Legendary Atlanta brave and major league Baseball record holder Hank Aaron, who endured racist threats with stoic dignity during his pursuit of Babe Ruth’s home run record and gracefully left his mark as one of baseball’s greatest all-around players, has died He was aged 86.
The Atlanta Braves, Aaron’s longtime team, said he died peacefully in his sleep on Friday, 22 January, no cause was given.
Aaron’s hitting prowess earned him the nickname ‘Hammerin’ Hank’, and his power was attributed to strong wrists. He was somewhat shy and unassuming and did not have the flair of contemporaries Willie Mays and Mickey Mantle.
Aaron was in the news two weeks ago when he publicly received the first dose of Moderna’s COVID-19 vaccine with his wife, Billye, with the aim of sending a message to Black Americans that the shots are safe.
”Getting vaccinated makes me feel wonderful, I don’t have any qualms about it at all, you know. I feel quite proud of myself for doing something like this It’s just a small thing that can help the zillions of people in this country, Aaron said at the time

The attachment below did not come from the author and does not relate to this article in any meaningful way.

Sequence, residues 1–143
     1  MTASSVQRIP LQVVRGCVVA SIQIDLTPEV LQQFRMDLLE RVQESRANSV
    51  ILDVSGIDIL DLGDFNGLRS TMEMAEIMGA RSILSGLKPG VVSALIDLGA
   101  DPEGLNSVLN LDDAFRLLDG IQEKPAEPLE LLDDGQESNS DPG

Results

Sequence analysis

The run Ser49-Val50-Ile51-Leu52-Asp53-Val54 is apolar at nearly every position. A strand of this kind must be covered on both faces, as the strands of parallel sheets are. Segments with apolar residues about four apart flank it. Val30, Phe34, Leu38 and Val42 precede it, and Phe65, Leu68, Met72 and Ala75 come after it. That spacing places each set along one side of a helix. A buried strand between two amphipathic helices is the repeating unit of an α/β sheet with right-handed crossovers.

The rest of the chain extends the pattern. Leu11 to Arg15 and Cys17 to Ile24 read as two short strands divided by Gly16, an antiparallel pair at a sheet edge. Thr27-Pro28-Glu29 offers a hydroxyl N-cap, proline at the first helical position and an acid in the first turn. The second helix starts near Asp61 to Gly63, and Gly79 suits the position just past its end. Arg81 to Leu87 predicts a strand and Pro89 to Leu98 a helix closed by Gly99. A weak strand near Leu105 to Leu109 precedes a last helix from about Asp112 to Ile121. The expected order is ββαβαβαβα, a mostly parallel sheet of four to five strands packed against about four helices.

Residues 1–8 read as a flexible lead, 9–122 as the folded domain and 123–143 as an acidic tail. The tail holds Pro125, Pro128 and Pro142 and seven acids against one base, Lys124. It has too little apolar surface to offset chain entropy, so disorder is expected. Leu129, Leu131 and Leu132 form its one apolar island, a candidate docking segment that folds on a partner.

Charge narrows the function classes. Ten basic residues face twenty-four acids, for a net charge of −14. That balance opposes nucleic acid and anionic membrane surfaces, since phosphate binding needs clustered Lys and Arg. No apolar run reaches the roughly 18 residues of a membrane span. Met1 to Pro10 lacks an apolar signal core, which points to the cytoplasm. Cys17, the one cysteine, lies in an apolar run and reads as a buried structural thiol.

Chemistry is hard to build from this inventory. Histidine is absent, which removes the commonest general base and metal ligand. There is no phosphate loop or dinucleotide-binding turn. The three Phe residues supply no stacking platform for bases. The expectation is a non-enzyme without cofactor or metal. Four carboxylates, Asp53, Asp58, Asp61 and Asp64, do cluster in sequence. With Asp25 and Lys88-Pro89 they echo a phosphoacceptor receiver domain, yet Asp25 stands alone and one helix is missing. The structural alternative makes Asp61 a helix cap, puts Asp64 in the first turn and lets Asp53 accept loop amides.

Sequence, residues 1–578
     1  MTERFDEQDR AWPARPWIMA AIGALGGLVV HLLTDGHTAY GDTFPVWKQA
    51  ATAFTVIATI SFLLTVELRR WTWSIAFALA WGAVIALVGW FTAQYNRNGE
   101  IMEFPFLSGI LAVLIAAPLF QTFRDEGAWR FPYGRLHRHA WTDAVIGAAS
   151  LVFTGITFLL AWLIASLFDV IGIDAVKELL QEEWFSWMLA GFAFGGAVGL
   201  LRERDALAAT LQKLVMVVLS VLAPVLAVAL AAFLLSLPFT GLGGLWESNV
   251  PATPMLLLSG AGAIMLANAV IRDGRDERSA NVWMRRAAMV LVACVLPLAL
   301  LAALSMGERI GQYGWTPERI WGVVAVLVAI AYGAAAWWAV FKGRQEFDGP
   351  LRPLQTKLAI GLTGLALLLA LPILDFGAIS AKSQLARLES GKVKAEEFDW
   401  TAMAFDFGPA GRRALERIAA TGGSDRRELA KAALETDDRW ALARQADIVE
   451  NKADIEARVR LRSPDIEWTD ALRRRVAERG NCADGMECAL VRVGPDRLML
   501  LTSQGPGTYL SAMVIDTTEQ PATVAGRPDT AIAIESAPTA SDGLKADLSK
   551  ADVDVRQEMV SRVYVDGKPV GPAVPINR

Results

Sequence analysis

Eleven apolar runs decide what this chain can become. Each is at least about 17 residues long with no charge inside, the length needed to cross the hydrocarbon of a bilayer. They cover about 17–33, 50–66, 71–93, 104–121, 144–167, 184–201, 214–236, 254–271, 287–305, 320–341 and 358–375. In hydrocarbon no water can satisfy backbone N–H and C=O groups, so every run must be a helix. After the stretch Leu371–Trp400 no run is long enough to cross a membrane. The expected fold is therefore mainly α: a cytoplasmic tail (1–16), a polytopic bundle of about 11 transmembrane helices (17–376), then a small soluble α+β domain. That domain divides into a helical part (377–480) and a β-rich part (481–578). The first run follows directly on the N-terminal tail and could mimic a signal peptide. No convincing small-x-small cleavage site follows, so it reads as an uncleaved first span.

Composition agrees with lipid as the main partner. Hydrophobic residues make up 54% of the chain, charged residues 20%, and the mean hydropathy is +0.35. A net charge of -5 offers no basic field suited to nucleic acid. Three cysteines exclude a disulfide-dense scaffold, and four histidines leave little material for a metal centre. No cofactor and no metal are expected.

Aaron broke Ruth’s home-run record in 1974 when he hit his 715th.
The longtime Milwaukee and Atlanta Braves slugger held the record for most career home runs for more than 30 years before Barry Bonds broke it in 2007. Aaron finished his 23-year career with 755 home runs, including an 18-year stretch where he hit at least 24 every season.
Aaron began his career in the Negro Leagues in 1951 with the Indianapolis Clowns, before the Braves picked up his contract. He made his MLB debut in 1954 and spent the next 21 seasons with the Braves before ending his career with the Milwaukee Brewers (1975-1976).
He appeared in a record-breaking 25 All-Star games.
Aaron was elected to the Hall of Fame on his first ballot in 1982. Both the Braves and Brewers retired his Number 44.